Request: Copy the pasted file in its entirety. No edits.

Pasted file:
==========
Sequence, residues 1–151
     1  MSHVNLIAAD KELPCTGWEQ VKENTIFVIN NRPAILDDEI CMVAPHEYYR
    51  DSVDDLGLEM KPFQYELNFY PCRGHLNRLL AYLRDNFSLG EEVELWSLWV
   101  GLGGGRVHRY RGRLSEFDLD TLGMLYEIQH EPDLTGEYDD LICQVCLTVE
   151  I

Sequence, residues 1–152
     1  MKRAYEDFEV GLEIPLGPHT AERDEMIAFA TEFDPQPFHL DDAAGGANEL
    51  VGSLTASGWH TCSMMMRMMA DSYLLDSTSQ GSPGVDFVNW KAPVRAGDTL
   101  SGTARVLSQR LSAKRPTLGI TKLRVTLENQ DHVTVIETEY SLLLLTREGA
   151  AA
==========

Sequence, residues 1–151
     1  MSHVNLIAAD KELPCTGWEQ VKENTIFVIN NRPAILDDEI CMVAPHEYYR
    51  DSVDDLGLEM KPFQYELNFY PCRGHLNRLL AYLRDNFSLG EEVELWSLWV
   101  GLGGGRVHRY RGRLSEFDLD TLGMLYEIQH EPDLTGEYDD LICQVCLTVE
   151  I

Sequence, residues 1–152
     1  MKRAYEDFEV GLEIPLGPHT AERDEMIAFA TEFDPQPFHL DDAAGGANEL
    51  VGSLTASGWH TCSMMMRMMA DSYLLDSTSQ GSPGVDFVNW KAPVRAGDTL
   101  SGTARVLSQR LSAKRPTLGI TKLRVTLENQ DHVTVIETEY SLLLLTREGA
   151  AA